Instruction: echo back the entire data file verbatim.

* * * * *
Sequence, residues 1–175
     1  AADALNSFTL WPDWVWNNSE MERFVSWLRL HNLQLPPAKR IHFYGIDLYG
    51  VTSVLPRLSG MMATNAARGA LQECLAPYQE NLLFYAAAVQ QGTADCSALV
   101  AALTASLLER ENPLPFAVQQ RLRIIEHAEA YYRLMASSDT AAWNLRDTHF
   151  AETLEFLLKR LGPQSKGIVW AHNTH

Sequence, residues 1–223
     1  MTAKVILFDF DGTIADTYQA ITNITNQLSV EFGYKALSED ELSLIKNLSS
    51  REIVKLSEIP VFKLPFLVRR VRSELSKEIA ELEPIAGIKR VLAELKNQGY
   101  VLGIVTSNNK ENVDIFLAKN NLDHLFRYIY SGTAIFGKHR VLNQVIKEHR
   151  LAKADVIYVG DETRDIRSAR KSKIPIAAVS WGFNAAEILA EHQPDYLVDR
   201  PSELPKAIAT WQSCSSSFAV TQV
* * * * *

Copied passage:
Sequence, residues 1–175
     1  AADALNSFTL WPDWVWNNSE MERFVSWLRL HNLQLPPAKR IHFYGIDLYG
    51  VTSVLPRLSG MMATNAARGA LQECLAPYQE NLLFYAAAVQ QGTADCSALV
   101  AALTASLLER ENPLPFAVQQ RLRIIEHAEA YYRLMASSDT AAWNLRDTHF
   151  AETLEFLLKR LGPQSKGIVW AHNTH

Sequence, residues 1–223
     1  MTAKVILFDF DGTIADTYQA ITNITNQLSV EFGYKALSED ELSLIKNLSS
    51  REIVKLSEIP VFKLPFLVRR VRSELSKEIA ELEPIAGIKR VLAELKNQGY
   101  VLGIVTSNNK ENVDIFLAKN NLDHLFRYIY SGTAIFGKHR VLNQVIKEHR
   151  LAKADVIYVG DETRDIRSAR KSKIPIAAVS WGFNAAEILA EHQPDYLVDR
   201  PSELPKAIAT WQSCSSSFAV TQV